You Stink protesters appear in military court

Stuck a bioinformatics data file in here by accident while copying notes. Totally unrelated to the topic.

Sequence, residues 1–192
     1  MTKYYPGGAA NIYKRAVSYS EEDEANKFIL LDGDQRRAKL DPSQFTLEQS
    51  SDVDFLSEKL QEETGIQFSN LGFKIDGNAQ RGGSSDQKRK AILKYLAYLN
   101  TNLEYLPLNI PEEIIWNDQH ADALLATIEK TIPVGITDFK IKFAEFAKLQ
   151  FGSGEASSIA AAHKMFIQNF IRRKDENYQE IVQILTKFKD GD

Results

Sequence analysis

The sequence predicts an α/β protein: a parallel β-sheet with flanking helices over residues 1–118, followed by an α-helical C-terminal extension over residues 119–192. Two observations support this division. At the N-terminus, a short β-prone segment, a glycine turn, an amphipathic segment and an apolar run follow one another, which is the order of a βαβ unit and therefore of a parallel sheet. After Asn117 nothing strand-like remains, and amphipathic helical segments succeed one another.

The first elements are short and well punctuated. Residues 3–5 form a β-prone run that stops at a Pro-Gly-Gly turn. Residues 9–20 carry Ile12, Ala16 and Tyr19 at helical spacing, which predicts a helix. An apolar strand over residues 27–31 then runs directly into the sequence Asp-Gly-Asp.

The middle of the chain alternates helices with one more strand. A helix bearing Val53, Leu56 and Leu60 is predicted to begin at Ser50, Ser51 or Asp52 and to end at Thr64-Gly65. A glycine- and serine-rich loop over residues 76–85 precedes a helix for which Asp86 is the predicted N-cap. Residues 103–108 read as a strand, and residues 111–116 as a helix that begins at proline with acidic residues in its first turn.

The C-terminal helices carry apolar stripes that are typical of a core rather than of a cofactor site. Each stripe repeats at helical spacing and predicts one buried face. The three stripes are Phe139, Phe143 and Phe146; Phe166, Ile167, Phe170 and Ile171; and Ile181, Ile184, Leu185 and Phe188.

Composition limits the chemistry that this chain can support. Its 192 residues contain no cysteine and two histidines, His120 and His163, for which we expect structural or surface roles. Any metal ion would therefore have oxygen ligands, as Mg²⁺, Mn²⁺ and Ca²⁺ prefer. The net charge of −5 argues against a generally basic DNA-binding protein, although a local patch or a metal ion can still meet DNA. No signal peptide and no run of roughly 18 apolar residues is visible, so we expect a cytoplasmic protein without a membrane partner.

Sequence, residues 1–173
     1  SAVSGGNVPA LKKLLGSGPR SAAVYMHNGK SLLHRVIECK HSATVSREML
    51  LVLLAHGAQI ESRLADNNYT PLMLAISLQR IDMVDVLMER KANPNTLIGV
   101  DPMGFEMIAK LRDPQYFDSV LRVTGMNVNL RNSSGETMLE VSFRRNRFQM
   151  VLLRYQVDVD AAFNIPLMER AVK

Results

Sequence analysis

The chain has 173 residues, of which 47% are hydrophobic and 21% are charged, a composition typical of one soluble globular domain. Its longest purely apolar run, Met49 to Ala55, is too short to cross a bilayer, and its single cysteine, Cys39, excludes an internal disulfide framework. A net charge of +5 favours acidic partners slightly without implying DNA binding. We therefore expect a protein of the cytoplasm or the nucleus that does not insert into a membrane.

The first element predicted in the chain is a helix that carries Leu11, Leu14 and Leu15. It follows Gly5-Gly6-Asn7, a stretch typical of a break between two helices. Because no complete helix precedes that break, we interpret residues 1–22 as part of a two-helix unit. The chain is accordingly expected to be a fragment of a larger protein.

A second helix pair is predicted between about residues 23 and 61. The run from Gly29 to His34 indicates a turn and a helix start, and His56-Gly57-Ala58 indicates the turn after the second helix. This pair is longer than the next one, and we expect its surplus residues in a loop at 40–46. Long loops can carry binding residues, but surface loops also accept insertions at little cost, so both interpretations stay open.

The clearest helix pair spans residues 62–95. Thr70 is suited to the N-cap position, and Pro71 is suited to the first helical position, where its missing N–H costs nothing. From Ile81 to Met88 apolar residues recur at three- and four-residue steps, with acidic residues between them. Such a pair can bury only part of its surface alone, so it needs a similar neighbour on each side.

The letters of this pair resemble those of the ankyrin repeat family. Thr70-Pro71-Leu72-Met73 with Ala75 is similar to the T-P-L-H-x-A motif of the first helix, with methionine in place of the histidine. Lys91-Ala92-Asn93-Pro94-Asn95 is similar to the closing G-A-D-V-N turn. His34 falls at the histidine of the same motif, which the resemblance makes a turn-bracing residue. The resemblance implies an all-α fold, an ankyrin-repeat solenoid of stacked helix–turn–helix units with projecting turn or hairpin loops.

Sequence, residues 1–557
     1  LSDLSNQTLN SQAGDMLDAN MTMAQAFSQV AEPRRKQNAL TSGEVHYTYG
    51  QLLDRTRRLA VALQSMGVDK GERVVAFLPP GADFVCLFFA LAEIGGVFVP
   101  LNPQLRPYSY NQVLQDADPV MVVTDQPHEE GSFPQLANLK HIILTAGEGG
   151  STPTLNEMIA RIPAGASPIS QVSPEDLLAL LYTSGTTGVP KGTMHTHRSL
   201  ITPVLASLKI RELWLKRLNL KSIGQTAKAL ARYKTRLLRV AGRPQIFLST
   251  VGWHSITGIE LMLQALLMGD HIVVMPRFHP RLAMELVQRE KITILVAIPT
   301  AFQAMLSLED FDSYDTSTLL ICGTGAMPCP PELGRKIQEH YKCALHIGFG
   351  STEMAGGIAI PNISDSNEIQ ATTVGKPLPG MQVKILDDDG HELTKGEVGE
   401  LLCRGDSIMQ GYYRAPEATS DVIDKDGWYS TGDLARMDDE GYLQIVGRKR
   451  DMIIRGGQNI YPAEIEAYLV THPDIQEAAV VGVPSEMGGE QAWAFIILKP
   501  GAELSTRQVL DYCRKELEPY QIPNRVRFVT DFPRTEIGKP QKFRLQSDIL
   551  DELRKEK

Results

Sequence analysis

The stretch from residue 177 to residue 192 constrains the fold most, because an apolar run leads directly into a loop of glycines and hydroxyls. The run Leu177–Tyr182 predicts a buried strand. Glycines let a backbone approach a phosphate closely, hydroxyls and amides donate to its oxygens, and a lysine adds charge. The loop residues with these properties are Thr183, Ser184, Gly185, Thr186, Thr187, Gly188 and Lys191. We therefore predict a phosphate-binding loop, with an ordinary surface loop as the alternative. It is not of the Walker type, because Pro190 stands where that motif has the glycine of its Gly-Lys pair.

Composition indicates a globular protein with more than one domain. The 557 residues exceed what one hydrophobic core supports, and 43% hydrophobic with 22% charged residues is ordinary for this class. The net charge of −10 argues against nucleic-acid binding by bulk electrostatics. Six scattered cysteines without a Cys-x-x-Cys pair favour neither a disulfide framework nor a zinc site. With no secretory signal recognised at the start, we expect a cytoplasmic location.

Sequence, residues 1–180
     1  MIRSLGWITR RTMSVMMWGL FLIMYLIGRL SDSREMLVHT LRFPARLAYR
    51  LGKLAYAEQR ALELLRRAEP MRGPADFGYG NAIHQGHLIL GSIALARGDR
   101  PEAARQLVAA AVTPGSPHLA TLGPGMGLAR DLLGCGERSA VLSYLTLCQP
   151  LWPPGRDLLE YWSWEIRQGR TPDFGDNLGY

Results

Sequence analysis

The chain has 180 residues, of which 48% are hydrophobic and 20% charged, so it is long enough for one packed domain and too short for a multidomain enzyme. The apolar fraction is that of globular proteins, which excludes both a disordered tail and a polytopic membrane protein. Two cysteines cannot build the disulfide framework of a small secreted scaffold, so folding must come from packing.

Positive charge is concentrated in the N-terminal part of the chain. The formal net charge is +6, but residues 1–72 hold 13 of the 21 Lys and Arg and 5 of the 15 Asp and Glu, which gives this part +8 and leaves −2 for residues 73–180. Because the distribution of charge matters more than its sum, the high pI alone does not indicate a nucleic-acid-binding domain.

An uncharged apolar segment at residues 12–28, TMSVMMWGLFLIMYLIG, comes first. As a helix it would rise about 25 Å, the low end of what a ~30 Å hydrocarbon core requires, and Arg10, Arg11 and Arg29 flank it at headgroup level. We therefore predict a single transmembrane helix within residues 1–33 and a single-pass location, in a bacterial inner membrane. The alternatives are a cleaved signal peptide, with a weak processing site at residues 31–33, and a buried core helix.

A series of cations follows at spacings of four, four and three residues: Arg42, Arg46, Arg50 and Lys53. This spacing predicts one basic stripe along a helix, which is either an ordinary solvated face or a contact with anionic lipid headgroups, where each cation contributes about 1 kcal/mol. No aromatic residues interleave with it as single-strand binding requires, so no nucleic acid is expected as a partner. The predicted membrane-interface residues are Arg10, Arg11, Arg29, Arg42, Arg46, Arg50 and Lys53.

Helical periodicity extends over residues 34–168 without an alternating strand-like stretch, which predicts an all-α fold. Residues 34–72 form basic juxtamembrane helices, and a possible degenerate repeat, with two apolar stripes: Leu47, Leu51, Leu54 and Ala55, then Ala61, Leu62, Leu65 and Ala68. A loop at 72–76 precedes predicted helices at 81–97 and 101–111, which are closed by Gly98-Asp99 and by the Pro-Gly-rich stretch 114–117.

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Fourteen civilians and one soldier appeared before Beirut’s Military Tribunal Monday morning on charges connected to You Stink movement protests against the government’s handling of the 2015-16 trash crisis. The defendants have been charged with forming armed gangs, vandalizing public property and assaulting security forces. Thirteen were present in court Monday, with two standing trial in absentia. If found guilty, each could face up to three years in prison, and court documents shown to The Daily Star warn of a hefty fine of LL39,610,000 ($26,300) for three of the defendants. Brig. Gen. Hussein Abdallah presided over the day’s hearings and appeared to single out the soldier, Faiz Yassine, for criticism in his early remarks. “You are supposed to be on the Army’s side, with civil society members throwing rocks at you,” Abdallah said during the session. Judge Hani Helmi al-Hajjar, representing the military public prosecution, noted that all of the indictments against the 15 were based primarily on surveillance footage. “The prosecution is based on camera photos that showed an assault on security forces,” he told the court. According to Hajjar, the next court session will feature a large projection screen to show video from the alleged incidents. “Anyone who has been accused who does not appear in the video will be freed,” Hajjar said. “We will apologize in public for any wrongfully accused.” After the nearly 25-minute session, Abdullah adjourned the case until March 20. The You Stink movement, which was the driving force behind the 2015 protests, reacted swiftly to Monday’s hearing. “No international law would accept this kind of trial, [it’s unjust] that the government is putting people on trial and [fining them] for protesting,” Ziad Majdara, one of the seven founding organizers of You Stink, told The Daily Star. Human rights organizations were equally vocal in their criticism. Saadedine Shatila, head of the Lebanese branch of the human rights group Alkarama Foundation, added that the military court trial of You Stink protesters was a major breach of the freedom of speech. “People were protesting to raise their voices. They were exercising their rights. So first of all, the trial goes against the freedom of expression,” Shatila said. Meanwhile, the deputy director of Human Rights Watch’s Middle East and North Africa Division, Lama Fakih, condemned such trials of civilians, citing past incidents in which defendants and even minors were stripped of their civil rights in the military court system. Fakih was also one of few civil society members granted access to attend Monday’s hearing. Military court sessions are largely closed to all but a few with special access. “We were really grateful that the court gave us access, from what I understand from the protesters and the defense counsel they felt that [our presence] made a difference,” Fakih told The Daily Star following the session. “I spoke with a lawyer representing the defense of protesters ... she said she felt that there was a difference, that the court felt [like] it was observed,” Fakih said. “The defense had more time to make its case without interruptions,” she added. “The allegations against them are false. The civil society movement did not commit any crimes, they were demanding their rights,” a defense attorney told the court during the session. The closure of the Naameh landfill south of Beirut in July 17, 2015, sparked a monthslong crisis that left tons of garbage on the streets of Beirut and Mount Lebanon. The crisis led to mass demonstrations to demand government action. While they began as peaceful gatherings, later demonstrations were marred by clashes between protestors and the police. Video circulated online of soldiers firing into the air above protests and at a separate demonstration rocks were thrown at police. Water cannons were also deployed to disperse crowds before authorities deployed a more hands off approach to crown control using fencing and barbed wire to separate crowds from officers. Although the severity of the issues has died down, garbage disposal continues to remain a critical issue in Lebanon. President Michel Aoun announced Monday that a new waste management plan was being drafted. The president made the comment to a delegation of municipal leaders, according to a statement from his press office. No further details were given. – Additional reporting by Youssef Diab

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